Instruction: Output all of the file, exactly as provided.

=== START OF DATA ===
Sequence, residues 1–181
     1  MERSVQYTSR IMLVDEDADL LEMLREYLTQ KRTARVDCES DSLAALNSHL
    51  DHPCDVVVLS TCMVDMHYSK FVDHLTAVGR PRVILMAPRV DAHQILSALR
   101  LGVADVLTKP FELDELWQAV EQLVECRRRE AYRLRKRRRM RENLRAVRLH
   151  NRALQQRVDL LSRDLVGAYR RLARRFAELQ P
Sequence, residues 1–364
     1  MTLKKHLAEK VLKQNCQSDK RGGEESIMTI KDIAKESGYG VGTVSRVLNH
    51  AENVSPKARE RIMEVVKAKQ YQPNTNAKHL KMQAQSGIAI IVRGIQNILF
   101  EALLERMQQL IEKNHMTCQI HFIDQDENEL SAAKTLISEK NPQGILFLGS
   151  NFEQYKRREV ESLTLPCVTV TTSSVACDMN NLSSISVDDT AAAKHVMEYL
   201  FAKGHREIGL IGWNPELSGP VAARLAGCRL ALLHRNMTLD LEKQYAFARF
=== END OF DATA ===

Sequence, residues 1–181
     1  MERSVQYTSR IMLVDEDADL LEMLREYLTQ KRTARVDCES DSLAALNSHL
    51  DHPCDVVVLS TCMVDMHYSK FVDHLTAVGR PRVILMAPRV DAHQILSALR
   101  LGVADVLTKP FELDELWQAV EQLVECRRRE AYRLRKRRRM RENLRAVRLH
   151  NRALQQRVDL LSRDLVGAYR RLARRFAELQ P
Sequence, residues 1–364
     1  MTLKKHLAEK VLKQNCQSDK RGGEESIMTI KDIAKESGYG VGTVSRVLNH
    51  AENVSPKARE RIMEVVKAKQ YQPNTNAKHL KMQAQSGIAI IVRGIQNILF
   101  EALLERMQQL IEKNHMTCQI HFIDQDENEL SAAKTLISEK NPQGILFLGS
   151  NFEQYKRREV ESLTLPCVTV TTSSVACDMN NLSSISVDDT AAAKHVMEYL
   201  FAKGHREIGL IGWNPELSGP VAARLAGCRL ALLHRNMTLD LEKQYAFARF